Take a look at my elevator pitch as an example:
I’m Tabitha Philen, the founder of Inspired Bloggers University. As a professional blogger, I make a full time income from blogging and love teaching others who need to supplement their income to do the same through online courses and live video with an emphasis on personal relationships.
Now, let’s break down the pieces…
- Who am I? “I’m Tabitha Philen, the founder…”
- Where? “…of Inspired Bloggers University.”
- What? “As a professional blogger, I make a full time income from blogging and love teaching…”
Something to note about your “what” is that this is your hook. Your “what” should intrigue them and leave them with questions. But be prepared for the follow-up questions.
- Who am I helping? “…others who need to supplement their income…”
- How do I help? “…teaching others… to do the same…” which refers back to “…make a full time income from blogging.”
- On what topic (if not already mentioned) or with what resources? “…through online courses and live video…”
- What sets me apart from others? “…with an emphasis on personal relationships.”
As you can see, your “difference” can easily be included in your “how.”
Personally, I think the call to action is the trickiest part as you often cannot predict what needs to be said. For instance, if you are at a conference of colleagues in a related niche, your CTA could be more relational.
- “Tell me about you.”
- “I would love to connect with you on [insert social media platform where you are best.]“
If you are talking to someone within your target audience, your CTA would be an offer to assist.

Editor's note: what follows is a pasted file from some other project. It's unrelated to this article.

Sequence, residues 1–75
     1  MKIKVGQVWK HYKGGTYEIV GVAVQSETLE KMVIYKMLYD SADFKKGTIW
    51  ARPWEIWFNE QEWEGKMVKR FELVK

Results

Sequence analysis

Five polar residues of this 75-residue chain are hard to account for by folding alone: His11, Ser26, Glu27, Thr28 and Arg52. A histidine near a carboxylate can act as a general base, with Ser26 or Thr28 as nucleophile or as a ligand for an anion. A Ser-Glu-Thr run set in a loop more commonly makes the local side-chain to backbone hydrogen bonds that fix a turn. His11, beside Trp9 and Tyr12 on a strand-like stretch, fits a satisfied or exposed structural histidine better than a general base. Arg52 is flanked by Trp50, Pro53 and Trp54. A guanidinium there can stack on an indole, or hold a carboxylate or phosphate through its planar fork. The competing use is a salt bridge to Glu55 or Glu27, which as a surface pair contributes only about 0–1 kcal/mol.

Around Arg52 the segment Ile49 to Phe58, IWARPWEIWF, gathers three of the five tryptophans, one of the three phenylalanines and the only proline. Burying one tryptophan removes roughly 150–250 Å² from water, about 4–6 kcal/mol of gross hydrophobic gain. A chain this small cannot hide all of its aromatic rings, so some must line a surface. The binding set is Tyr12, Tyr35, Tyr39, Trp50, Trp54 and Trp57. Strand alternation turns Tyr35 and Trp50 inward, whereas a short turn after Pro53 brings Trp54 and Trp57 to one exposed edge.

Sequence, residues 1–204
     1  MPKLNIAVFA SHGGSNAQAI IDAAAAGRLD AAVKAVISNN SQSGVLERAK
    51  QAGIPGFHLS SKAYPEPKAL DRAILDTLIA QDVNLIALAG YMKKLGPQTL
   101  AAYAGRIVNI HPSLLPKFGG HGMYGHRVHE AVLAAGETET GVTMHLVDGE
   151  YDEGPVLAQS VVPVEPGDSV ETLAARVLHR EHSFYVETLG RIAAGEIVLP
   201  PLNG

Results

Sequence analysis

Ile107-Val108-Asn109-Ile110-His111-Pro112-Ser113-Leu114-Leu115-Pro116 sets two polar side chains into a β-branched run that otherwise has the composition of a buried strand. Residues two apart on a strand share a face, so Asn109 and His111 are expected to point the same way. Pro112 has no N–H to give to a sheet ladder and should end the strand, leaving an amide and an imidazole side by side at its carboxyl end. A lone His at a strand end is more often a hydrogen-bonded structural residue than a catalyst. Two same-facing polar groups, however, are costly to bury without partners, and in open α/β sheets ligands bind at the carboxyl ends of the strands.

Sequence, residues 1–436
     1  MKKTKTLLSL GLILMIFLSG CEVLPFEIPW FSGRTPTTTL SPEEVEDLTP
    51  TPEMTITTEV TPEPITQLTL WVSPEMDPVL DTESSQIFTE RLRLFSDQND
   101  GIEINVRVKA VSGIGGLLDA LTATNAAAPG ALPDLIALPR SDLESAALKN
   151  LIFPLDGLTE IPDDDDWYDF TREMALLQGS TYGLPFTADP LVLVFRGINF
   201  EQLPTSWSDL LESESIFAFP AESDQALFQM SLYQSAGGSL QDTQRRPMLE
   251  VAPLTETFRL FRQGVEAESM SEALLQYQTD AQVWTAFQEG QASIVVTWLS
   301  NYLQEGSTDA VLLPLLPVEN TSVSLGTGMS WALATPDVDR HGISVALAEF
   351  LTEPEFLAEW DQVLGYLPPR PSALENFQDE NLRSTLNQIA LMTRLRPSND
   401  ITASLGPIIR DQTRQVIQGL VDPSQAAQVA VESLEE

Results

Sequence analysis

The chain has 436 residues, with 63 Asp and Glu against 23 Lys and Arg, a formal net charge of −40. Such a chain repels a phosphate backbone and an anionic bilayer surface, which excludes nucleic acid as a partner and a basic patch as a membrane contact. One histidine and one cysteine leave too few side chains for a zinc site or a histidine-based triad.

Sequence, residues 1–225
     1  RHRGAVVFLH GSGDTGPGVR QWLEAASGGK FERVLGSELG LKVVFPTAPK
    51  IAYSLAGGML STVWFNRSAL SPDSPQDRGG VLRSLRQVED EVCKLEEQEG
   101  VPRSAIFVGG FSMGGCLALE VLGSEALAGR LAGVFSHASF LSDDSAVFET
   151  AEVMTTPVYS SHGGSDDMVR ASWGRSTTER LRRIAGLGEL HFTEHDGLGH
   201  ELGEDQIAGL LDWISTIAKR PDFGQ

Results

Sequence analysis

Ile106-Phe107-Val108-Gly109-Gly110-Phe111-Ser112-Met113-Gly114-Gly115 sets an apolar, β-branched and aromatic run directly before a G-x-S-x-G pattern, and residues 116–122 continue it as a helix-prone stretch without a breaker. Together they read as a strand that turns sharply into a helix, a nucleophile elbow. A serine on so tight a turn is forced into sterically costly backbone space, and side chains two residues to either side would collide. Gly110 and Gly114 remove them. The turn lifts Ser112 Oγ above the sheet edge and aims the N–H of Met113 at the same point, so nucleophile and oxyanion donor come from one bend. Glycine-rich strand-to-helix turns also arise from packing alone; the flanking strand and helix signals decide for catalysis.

- “I would love to give you a free [insert email optin offer.]“
- “Please consider joining my Facebook group where I can help you with [insert topic of group.]“
Another example of a blog elevator pitch
Must your elevator pitch follow this same progression? No! Your elevator pitch can be as unique as you are but should include all of these elements.
Consider my elevator pitch from Meet Penny:
I’m Tabitha and I’m a mom to four kids who has overcome bankruptcy and six-figures in debt through side hustles. I blog at MeetPenny.com to help families like ours raise their kids with common sense on cents by sharing family finance tips, fun kids activities that educate, and how to live a generous lifestyle without a ton of time or money.
You can see that what makes me different falls much earlier in my elevator pitch. I was also able to integrate my tagline and the three main topics on my blog.
When to use your elevator pitch
Once you have your elevator pitch written and memorized to the point that it flows naturally, when should you say it? Which situations are prime for using your elevator pitch?
- When friends or relatives ask you what you do.
- At conferences when you are networking.
- In your email signature.
- As your live video intro.
- Anytime someone wants to know what you do.
Your elevator pitch is a tool that can educate others, create new relationships, and open opportunities with potential sponsors.
Commit your elevator pitch to memory and use it often.
Free Worksheet: Write your elevator pitch
Need help putting your words on paper? Subscribe and receive this free worksheet that will guide you through each part of your elevator pitch.
I even included a fill-in-the-blank template if you are still uncertain.